ast month, I attended the Hay book
festival, an event designed to "celebrate language and ideas,"
according to organizers. Speakers included famous and not-so-famous
authors, writers of fiction and nonfiction. Among them was Jan
Morris, noted for book-length essays that are inspired by her
Morris will have a new book this fall to coincide with her 75th
birthday. It will be called "Trieste and the Meaning of Nowhere,"
and it will be her last, she says.
"Writing books is a sweat," she told festival-goers, "and it
gets harder as the years go by. Also, I got tired of myself as a
writer, so I'll go while the going is good."
Besides, she can stop worrying about the critics, who can make
her swollen-headed or suicidal, she said.
Morris said this last book "is appallingly self-indulgent, an
ego-biography. I'm saying goodbye to me at last." (Language like
that suggests Morris aims to disappear from the scene altogether.
Not so. She is not withdrawing from public life nor foreswearing
the written word in all contexts.)
She also said the new book, like her others, is "not a travel
book." Looking back, she said she has written some cities "into the
ground, [but] I've not really traveled. I've talked about what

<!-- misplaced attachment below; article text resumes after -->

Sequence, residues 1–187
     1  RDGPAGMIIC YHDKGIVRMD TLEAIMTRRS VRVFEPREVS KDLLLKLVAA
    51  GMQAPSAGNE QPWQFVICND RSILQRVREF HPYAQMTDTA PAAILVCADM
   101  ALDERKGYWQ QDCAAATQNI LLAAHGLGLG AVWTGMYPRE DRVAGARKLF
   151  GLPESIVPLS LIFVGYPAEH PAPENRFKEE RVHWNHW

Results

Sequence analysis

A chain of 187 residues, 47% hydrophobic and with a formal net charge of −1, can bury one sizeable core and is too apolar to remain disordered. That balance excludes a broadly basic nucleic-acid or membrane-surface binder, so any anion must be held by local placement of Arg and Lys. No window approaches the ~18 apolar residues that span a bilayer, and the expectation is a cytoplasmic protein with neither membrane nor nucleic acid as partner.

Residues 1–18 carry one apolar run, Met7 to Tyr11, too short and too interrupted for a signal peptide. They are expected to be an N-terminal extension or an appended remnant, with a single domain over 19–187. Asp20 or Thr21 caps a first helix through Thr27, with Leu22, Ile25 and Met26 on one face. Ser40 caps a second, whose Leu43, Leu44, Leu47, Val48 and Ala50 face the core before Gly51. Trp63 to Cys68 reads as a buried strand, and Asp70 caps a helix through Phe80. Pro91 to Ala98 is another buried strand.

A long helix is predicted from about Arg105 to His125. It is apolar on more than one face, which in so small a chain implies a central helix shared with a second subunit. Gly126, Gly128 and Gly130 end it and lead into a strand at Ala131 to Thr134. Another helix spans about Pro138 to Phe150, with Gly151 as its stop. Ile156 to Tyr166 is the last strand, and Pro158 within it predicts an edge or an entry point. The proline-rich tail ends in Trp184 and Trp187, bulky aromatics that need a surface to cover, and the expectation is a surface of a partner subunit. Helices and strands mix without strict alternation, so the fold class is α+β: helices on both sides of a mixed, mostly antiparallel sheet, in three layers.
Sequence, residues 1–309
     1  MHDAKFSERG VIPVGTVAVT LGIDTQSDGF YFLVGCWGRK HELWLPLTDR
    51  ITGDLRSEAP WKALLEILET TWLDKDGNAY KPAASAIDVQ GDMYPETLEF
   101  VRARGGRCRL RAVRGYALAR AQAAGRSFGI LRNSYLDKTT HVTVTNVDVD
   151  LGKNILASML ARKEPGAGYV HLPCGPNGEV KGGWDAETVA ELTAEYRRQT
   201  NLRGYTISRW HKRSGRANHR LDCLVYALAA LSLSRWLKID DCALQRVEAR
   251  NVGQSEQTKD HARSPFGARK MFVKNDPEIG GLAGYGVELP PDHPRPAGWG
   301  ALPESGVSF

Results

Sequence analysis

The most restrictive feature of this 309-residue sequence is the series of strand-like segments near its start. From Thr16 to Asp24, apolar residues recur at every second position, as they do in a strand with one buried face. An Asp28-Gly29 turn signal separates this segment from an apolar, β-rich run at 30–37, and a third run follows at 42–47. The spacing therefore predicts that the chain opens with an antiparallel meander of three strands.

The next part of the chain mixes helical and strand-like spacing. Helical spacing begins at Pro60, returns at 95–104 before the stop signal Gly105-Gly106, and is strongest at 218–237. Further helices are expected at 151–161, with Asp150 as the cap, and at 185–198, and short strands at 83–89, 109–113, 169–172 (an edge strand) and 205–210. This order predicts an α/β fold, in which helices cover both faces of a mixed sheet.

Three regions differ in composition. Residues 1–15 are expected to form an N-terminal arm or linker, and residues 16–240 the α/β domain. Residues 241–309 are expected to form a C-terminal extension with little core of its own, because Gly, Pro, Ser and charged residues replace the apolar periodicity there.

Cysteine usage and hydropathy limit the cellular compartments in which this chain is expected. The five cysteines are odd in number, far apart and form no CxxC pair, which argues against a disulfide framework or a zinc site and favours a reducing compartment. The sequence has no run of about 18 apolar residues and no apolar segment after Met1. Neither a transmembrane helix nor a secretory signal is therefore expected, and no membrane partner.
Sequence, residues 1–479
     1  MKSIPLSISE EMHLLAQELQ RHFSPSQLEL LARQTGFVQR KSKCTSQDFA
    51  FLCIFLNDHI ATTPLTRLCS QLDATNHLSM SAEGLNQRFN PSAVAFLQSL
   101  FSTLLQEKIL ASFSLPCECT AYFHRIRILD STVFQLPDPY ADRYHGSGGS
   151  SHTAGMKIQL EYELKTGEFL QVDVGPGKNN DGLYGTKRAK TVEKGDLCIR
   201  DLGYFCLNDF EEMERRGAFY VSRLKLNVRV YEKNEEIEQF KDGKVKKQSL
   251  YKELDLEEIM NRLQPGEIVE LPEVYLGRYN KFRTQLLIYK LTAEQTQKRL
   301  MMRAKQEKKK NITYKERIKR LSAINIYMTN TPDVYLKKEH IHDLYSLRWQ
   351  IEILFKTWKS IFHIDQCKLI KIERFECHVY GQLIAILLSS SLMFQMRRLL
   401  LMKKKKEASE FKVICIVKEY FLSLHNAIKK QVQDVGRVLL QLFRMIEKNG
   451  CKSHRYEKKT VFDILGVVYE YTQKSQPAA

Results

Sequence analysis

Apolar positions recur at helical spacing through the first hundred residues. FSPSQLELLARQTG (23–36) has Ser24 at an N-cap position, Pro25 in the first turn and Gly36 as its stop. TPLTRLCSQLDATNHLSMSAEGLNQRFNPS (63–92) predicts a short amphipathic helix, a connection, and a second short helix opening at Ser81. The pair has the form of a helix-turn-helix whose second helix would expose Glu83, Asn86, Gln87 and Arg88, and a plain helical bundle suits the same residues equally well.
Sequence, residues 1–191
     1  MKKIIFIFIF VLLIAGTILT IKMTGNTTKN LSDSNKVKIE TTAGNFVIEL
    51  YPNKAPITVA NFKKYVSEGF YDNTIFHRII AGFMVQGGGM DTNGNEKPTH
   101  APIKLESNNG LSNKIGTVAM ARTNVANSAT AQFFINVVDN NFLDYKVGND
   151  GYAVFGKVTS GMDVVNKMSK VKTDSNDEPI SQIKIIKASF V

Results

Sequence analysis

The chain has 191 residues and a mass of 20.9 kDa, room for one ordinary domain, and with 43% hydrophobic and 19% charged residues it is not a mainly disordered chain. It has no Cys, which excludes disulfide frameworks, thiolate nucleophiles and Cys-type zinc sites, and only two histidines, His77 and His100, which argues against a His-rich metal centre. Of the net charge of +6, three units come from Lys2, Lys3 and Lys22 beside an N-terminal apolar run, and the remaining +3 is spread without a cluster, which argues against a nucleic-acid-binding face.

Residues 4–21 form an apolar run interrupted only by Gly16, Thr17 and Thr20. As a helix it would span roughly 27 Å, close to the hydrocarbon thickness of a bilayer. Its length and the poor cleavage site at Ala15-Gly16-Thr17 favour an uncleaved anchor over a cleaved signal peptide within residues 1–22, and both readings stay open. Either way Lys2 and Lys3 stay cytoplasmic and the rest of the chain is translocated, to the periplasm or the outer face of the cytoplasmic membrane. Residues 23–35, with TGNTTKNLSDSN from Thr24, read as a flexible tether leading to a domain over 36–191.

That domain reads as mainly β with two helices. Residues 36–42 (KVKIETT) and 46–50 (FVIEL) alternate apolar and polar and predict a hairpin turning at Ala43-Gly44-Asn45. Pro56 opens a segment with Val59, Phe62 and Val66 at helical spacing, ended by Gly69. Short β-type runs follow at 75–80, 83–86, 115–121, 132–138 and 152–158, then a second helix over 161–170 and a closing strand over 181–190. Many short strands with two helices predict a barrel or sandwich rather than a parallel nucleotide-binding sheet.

cities did for me.
"I don't immerse myself in places. I don't get on the local
buses. I might as well take a package tour," and indeed, she said,
she has done that. She said two cities have "defeated" her -- Lhasa
and London, and, until this book, she couldn't effectively put her
Trieste on paper either.
I asked Morris how she described herself, given she is
frequently called a travel writer; it was clear she finds that
She said she is simply a writer and would not, or could not, put
herself into a more defined niche. She said she does go places
specifically to write about them, but "I go for insights and
understandings," not to tell other people what they will see.
Of course, that does not mean travel professionals and travelers
(whether the armchair kind or those with tickets) can't learn from
books of the type Morris pens.
In her new book, she will remind us of Trieste's history as an
"imperial creation," having been selected by the Hapsburgs as the
port for the Austro-Hungarian Empire, a role that evaporated with
that empire at the end of World War I. So, in this city with "an
aura of pathos in all its structures now," she said she "daydreams
how it might have looked and sounded in the 1890s."
The fact is, travel writer or not, Morris will have readers who
are inspired to visit Trieste after reading her evocative
descriptions. Surely she would not mind that.